A Gum-tree Home

Springton, once called Black Springs, was the dairying area of the Springs, which was owned by George Fife Angus. The Herbig family moved into this area in 1855 in order to work on the dairy and they lived in a large gum tree for a while. Others from Blumberg (now Birdwood) moved into this area and in 1861, the School and Church at Friedensberg, meaning “Hill of Peace”, was built and dedicated in 1861. The School was conducted by Teacher Baumann in German and a teacher’s residence was built along the western wall.

A new church was opened in 1899 in Springton and Friedensberg became the school from 1913 until it was closed by the Government in 1916. The Teacher was Edwin Duldig who had Wendish ancestry and his wife was Frieda Georg, daughter of Pastor Dietrich Georg from Eudunda and sister of Pastor Joe Georg of Rosedale. This school became a derelict building but it was carefully restored and was opened in 1995 as an “Early German School Museum”, displaying students’ work from 1877 to 1915. Its 150th Anniversary was celebrated on 6 November 2011 and the Archivist from the Lutheran Archives presented background information relating to this historic church and school.

A Feast fit for Royalty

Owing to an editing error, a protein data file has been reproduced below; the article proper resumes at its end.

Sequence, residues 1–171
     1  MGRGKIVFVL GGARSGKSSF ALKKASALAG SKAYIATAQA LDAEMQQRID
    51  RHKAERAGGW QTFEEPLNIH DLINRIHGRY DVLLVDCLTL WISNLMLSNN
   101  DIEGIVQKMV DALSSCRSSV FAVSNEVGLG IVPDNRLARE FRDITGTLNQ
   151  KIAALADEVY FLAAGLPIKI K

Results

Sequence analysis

Murray Bridge was the venue for our evening meal catered for by the Holy Cross Lutheran Congregation. It consisted of chicken noodle soup and damper, then roast beef, roast hassle back potatoes, roast butternut pumpkin, carrots, peas and beans and finally apple and rhubarb crumble slice or apple crumble slice with cream. This was a feast fit for Royalty but there was no feasting here back in 1852, because Murray Bridge did not yet exist.

The meal was followed by a several visual presentations, including the Wends of Lusatia: their racial identity, their location, their history and their culture, customs and religion. It was pointed out that they are part of the Slavic race originally from an area north-west of the Black Sea, that they settled in Lusatia, south-east of Berlin in about 500 C.E and that they have been able to maintain their Slavic language, their occupations, costumes, customs and religion since then. Another presentation of interest was the slide show focusing on the people involved in the original trek of 1852 and in the previous scouting party of 1851.

Wellington was the 1852 Trekkers; location for the crossing of the River Murray. There was competition for punt use, because gold had been discovered by Thomas Peters on 20 July 1851 at Forest Creek in the area of present Castlemaine. Alexander Tolmer, the Commissioner of Police in South Australia, organised a gold escort, the first of which left Adelaide on 10 February 1852, to collect and bring back gold to Adelaide. Eighteen such escorts were organised and all were successful. A visit to the Courthouse Museum helped to bring these early days to life and to ponder the river crossing on the punt before there were engines by using only human muscle power.